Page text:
Let’s continue our journey to discover the places and the most interesting events of the Valdichiana: today we will talk about Pieve di Santo Stefano (St. Stephen’s Parish Church) in Cennano, near Castelmuzio, within the municipality of Trequanda, which is part of the Diocese of Montepulciano, Chiusi and Pienza.

The Pieve di Santo Stefano in Cennano is a small piece of history of our region. This rural church, not so far away from the village, is the result of constant changes, adjustments and reconstructions, and each of these changes carries the memory of a bygone era. Architecturally, the Pieve di Santo Stefano in Cennano presents a simple gable façade, with a Gothic gate; the church has three naves, with apses characterized by a predominantly Romanesque style.

The church is a place of worship of the Catholic religion, and it was completed in 1285 A.D. and it was consecrated to St. Stephen, the first martyr of the Christian tradition. The small bell tower was erected in the 18th century. If you think this church, made of sandstone, has kept almost unchanged its structure, throughout the centuries, you might make a big mistake: its origins are even older.

The Pieve di Santo Stefano in Cennano was as an Etruscan Temple; the area around Castelmuzio, in fact, was an Etruscan settlement, whose traces of tombs, inscriptions and burial urns are still present. As Rome domination expanded, the Etruscan Temple left for another pagan temple, dedicated to the goddess Isis, built inside a vicus, a rural Roman settlement; the road that skirted it connected Chiusi to Fiesole.

On the foundations of the pagan temple was then built the Pieve of Santo Stefano in Cennano, around the 4th century; in the early Christian era, this baptismal church witnesses the progress of the Catholic religion in the countryside and in rural districts. Throughout the 7th and 8th centuries the church was very important, and was the reason for continuing disputes between the Bishops of Siena and Arezzo, who wanted to exercise their jurisdiction on the church, together with a group of churches and monasteries.

In the 14th century began the slow decline of the Pieve di Santo Stefano in Cennano, due to the gradual abandonment of the countryside and due to social changes. Thanks to the simplicity of its Romanesque style and the integrity of its structure, it has been restored since the 18th century. The first three bays of the nave were replaced by a gabled roof supported by pillars, and it was placed a Baroque altar and it was enriched with more modern works of art. Currently the church officiates the Holy Mass on Sunday, it hosts concerts of harpsichord and weddings, and it is accessible by tourists and pilgrims.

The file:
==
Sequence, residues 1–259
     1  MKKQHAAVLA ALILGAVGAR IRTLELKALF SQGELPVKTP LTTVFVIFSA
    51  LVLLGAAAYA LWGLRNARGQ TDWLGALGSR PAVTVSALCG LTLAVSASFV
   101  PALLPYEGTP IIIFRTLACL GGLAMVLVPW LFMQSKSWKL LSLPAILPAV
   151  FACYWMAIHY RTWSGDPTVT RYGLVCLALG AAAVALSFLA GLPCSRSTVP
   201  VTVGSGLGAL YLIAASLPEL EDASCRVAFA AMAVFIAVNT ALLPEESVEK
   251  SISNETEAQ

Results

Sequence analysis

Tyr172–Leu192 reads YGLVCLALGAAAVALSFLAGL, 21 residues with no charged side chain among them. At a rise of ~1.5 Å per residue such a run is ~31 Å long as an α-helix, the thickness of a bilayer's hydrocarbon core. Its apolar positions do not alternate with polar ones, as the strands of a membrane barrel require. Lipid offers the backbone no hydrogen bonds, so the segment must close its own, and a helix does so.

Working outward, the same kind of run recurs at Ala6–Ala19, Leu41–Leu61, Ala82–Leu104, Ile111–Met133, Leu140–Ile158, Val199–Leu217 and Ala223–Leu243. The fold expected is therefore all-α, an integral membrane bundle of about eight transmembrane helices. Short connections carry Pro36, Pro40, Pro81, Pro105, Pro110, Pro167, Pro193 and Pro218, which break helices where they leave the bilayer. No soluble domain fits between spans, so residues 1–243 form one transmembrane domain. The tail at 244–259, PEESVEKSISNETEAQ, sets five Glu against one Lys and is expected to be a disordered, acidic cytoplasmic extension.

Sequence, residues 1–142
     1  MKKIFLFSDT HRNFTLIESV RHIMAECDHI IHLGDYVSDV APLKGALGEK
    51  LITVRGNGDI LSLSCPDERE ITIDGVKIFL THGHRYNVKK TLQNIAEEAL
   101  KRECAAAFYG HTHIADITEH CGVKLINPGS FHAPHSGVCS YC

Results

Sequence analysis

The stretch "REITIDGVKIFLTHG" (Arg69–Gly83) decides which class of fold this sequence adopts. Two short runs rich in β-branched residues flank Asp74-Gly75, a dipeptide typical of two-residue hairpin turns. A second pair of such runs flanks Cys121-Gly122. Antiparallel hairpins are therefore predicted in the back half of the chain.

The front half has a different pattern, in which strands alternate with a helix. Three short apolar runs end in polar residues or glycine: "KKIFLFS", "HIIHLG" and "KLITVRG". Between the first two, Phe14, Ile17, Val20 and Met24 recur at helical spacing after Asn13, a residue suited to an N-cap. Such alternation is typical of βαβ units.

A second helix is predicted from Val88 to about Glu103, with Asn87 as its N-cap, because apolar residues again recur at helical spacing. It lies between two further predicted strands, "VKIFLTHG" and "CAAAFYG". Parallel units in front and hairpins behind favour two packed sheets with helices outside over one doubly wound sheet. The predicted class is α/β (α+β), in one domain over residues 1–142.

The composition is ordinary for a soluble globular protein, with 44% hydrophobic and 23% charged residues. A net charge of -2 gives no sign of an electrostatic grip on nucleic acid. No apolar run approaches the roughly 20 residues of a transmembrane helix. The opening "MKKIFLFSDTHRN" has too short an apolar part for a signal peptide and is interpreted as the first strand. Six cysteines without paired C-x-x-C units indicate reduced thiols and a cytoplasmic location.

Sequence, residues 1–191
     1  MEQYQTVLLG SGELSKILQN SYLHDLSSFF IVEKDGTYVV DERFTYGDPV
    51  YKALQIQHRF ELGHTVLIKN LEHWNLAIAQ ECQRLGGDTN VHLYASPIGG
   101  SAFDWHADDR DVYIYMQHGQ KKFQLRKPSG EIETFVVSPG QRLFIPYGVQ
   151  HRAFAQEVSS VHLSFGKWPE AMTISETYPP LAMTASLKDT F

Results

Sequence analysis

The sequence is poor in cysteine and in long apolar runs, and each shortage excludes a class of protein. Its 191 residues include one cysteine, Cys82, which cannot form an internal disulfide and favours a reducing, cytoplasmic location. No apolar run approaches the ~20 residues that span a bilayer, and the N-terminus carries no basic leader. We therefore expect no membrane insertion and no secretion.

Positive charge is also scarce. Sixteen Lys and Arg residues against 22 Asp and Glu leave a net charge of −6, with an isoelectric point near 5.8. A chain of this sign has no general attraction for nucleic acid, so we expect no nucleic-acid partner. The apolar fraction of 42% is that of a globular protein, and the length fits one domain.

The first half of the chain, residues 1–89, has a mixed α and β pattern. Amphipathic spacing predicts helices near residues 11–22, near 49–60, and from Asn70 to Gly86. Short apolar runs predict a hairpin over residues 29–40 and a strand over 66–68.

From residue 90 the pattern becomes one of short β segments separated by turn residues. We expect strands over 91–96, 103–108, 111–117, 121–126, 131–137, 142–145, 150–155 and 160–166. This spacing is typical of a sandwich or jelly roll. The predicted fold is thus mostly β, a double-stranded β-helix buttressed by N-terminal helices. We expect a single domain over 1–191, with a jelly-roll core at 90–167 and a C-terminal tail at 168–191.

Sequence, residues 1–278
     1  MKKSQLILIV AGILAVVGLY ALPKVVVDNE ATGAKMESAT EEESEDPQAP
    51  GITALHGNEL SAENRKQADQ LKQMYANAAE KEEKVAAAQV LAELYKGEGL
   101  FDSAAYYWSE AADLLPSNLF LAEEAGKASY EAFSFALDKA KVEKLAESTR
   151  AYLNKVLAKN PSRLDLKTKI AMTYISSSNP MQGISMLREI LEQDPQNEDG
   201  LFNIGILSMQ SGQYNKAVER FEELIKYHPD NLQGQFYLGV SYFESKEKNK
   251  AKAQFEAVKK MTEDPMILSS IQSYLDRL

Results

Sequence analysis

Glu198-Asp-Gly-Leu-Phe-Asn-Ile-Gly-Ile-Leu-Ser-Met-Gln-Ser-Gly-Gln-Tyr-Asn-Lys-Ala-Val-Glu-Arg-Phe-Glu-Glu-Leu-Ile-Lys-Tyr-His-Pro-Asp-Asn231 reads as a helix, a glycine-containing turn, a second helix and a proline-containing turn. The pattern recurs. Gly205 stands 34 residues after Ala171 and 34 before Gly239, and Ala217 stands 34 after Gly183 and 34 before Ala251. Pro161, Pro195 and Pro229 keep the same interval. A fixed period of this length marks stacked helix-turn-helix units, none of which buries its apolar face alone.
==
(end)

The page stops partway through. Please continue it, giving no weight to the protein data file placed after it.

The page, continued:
The particularity of the Pieve di Santo Stefano in Cennano is made by its vicissitudes, made of continuous reconstructions, which go hand in hand with cultural and social changes throughout the ages. A fate shared with many architectural works, maybe unknown or forgotten, but worthy of being told. An Etruscan settlement at first, then the Roman one, and then the early Christian one; it began a rural parish church, then it was abandoned, then it became again a restored place of worship. The dominant culture has always made changes to its structure. The old gods have been replaced, the architectures have been changed, the functions have been updated. Whenever the dominant culture came into contact with the Pieve di Santo Stefano in Cennano, it didn’t only admire it as a Museum: it has constantly molded it, revisited it, claimed it for itself and its symbols. The church has been forced to evolve in some ways: perhaps this is why it survived until this time, unlike many other buildings. And maybe this is just that feeling that you feel while visiting it: a tradition that constantly evolves and changes, even in a context that seems motionless and eternal, as the places of religious worship.

To sum up: the Pieve di Santo Stefano in Cennano is a wonderful and significant piece of history, lost in the territory of the Valdichiana. It’s not so visited by tourists, and perhaps it is also unknown to most of the local population, though it represents a perfect stop-over while trekking or for Sunday picnics. A visit is recommended to all lovers of sacred architecture and history facts, while we are waiting for the next dominant culture.

(photo credits by Edisonblus (Own work) [CC-BY-SA-3.0], via Wikimedia Commons)

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